I’m back in my secret garden this week and it appears that I’ve managed – genuinely coincidentally – to rustle up an almost red, white and blue #SixOnSaturday!
I acquired this astrantia – which I’m guessing might be ‘Shaggy’ – from the plant stall at Kelmarsh Hall last summer. I divided the clump into two; this half has done really well but the other has struggled although I’m hoping it might pick up over the next few weeks.
I can certainly see this – and astrantias more generally – becoming a bit of a staple in the garden, not least because I ordered three more varieties as bare roots a few weeks ago and am waiting not very patiently for them to be robust enough to plant out!
And as you can see (bottom right), I’m not the only fan!
Top right is meadow cranesbill, grown from seed a couple of years ago. I’m not sure they’re really right for my garden but I can’t quite bring myself to get rid of them!
Back in August of last year, I did a fairly sizable (for me!) bulb order from Sarah Raven which included daffs, tulips and 21 alliums of three different varieties. This allium atropurpureum, one of 15 that I planted, and a single allium schubertii are the only two that have appeared.
To say I’m disappointed is obviously something of an understatement. I don’t know whether the issue is with the bulbs, the planting or the squirrels…
I planted this peony ‘Sarah Bernhardt’ three or four years ago and it’s finally flowering! I know peonies can take a while to flower when they’re bought as bare roots but this one was definitely on notice! It came as part of a collection with ‘Duchesse de Nemours’ which has flowered the last two years but has apparently decided to skip a year! And there’s one final peony which is still playing a very long game; next year perhaps…
And finally, the nigella are starting to bring their feathery finery to the summer party. I’m fairly certain these were grown from seed I collected from my parents’ garden last year; I also have ‘Persian Jewels’ and ‘Miss Jekyll’ on the allotment, waiting to be planted out.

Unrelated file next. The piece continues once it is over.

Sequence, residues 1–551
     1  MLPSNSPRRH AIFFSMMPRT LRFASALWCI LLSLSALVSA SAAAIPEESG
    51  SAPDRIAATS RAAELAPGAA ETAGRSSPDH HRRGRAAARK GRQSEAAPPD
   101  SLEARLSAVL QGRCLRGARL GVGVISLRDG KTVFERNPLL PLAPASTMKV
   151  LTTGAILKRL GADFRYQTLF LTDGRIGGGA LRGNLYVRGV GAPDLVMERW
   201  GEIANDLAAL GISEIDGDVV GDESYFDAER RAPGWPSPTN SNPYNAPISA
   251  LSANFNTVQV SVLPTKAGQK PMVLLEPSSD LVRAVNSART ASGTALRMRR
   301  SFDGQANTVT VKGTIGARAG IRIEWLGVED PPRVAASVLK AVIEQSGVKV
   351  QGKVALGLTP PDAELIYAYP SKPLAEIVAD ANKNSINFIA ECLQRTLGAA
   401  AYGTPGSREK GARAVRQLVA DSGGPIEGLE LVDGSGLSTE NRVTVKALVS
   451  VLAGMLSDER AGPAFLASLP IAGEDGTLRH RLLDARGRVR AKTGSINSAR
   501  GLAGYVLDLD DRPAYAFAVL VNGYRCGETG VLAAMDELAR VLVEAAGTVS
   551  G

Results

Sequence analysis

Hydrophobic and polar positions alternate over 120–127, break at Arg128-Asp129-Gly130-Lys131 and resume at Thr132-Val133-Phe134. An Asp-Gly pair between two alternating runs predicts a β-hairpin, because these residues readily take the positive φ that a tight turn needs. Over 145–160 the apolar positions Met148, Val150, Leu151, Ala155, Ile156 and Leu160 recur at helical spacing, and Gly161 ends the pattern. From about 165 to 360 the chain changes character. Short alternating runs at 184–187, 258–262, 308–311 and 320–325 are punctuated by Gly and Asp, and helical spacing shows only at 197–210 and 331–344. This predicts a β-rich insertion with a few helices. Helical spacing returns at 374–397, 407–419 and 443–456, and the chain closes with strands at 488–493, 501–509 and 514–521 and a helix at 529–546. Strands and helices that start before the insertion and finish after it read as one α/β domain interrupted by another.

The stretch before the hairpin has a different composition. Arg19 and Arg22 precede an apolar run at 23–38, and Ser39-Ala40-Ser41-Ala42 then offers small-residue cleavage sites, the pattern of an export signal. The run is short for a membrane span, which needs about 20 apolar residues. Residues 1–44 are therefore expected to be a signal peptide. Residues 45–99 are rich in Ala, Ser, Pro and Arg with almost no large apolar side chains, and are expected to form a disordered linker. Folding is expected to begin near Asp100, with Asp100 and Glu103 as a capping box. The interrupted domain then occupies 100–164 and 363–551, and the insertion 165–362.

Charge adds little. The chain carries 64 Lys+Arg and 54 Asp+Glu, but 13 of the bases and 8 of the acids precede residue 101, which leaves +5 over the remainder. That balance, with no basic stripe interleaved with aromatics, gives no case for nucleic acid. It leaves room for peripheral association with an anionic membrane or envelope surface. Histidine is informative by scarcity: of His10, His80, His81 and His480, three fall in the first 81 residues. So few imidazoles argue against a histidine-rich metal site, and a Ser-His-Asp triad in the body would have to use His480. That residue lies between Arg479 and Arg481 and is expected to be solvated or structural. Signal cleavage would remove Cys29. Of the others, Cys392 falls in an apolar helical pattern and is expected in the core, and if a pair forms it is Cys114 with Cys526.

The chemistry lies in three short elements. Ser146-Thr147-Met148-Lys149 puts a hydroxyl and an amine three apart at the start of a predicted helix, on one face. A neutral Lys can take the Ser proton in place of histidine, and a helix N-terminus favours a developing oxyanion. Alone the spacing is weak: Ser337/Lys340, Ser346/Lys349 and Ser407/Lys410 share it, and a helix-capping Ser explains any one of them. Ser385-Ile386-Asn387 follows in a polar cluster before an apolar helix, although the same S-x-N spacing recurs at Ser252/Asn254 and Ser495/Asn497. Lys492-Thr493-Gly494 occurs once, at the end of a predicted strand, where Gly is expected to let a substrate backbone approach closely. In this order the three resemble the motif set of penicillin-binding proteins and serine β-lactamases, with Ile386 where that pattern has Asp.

Head to The Propagtor‘s blog to see what’s going on in other gardens in the UK and beyond!
These weeks at Waddesdon
The last couple of weeks at Waddesdon Manor have been full of planting as we’ve been up to our ears in what’s known – for entirely self-explanatory reasons – as bedding changeover.
We started out by filling beds previously occupied by tulips with pelagoniums, cineraria, bidens and other classic bedding plants. This year, Waddesdon is celebrating the centenary of the death of Alice de Rothschild – known as Miss Alice – who inherited Waddesdon from her brother and had a huge influence not just on the house but also on the gardens.
This year’s bedding scheme – featuring clashing red and pink pelagoniums – is inspired by a design of Alice’s discovered in the archive.
After a team of gardeners and volunteers spent the best part of a week planting around six thousand individual plants, we moved onto the rather different, but no less extraordinary task of creating this summer’s carpet bed, whose design should, again, be entirely self-explanatory.
Amazingly, this entire bed was grown in trays by a specialist nursery in Cornwall, packed into the back of a lorry, laid out by the garden volunteers and then planted in a little over a day by the gardeners!
It would have taken even less time but rain briefly but dramatically stopped play just as we were planting the final row of trays!
All-in-all, a pretty extraordinary thing to be a part of!
I think that’s quite enough for one week! However / whether you’re marking the Jubilee, I hope you have a great weekend!
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